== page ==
This is by far the most difficult aspect in sexual harassment cases. Invariably, although not always, the perpetrator is a male in a position of power or authority and the person harassed is a female in a subordinate position. In my experience it usually takes a while for the female employee to pluck up the courage to raise the harassment with her employer and when she does the perpetrator simply denies the allegations against him. When this happens the employer is then required to determine, usually at a disciplinary enquiry, whose version is more probable as third party corroboration is unlikely. In deciding whose version is more probable one would consider the credibility of the parties, inconsistencies in their evidence, the reason advanced by the alleged perpetrator for the false allegations made by the complainant and the detail provided by the employee allegedly harassed. This is sometimes a difficult task for employers who are not trained lawyers. If so, you may want to consider bringing in a lawyer to sit as the disciplinary enquiry chairperson.

What do I do if the complainant is lying?
Sometimes complainants do lie, for example, they are poor performers and want to avoid a dismissal or they had hopes of a relationship with the alleged perpetrator and these have been thwarted. Frequently the employer’s fear is that if the complainant turns out to have lied then their manager’s credibility and reputation are sullied by a suspension and an enquiry even if the alleged perpetrator is later found not to have harassed the complainant. Of course the employer would be entitled to discipline the complainant for lying but this is likely to only be after the damage is done. My suggestion would be to do a confidential investigation before a decision is taken to commence disciplinary proceedings. All that this means is that the complainant and the alleged perpetrator are questioned separately and in confidence. At least this gives the employer an opportunity to get some sense of the matter before making a decision to initiate disciplinary proceedings.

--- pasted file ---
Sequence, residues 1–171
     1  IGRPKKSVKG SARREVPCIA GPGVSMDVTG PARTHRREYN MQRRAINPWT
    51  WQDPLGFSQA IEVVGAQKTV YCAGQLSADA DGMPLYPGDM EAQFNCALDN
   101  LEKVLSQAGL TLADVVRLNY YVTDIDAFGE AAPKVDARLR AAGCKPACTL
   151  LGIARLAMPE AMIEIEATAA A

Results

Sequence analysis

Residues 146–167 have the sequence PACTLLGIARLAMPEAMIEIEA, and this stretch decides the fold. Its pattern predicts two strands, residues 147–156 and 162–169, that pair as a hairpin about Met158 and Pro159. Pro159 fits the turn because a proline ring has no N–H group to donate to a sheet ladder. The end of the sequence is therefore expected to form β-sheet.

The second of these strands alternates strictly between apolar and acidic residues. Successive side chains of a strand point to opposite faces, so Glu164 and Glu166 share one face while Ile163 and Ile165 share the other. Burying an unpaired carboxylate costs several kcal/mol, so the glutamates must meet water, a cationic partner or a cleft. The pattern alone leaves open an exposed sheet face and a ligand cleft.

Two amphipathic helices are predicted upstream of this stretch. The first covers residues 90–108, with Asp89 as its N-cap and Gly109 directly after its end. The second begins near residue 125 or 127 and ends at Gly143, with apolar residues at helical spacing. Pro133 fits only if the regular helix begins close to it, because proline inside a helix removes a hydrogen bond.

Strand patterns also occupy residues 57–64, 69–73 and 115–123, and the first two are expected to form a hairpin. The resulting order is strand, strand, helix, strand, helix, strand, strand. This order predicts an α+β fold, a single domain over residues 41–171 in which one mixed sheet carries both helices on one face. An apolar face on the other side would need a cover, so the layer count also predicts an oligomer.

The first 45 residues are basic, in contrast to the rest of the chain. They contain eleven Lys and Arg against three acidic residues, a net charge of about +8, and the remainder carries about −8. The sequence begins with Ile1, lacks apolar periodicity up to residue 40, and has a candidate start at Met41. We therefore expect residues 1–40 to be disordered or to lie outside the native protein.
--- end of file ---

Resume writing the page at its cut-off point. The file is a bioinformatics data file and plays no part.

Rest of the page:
What risks do I as an employer run if I do not do anything about the alleged harassment?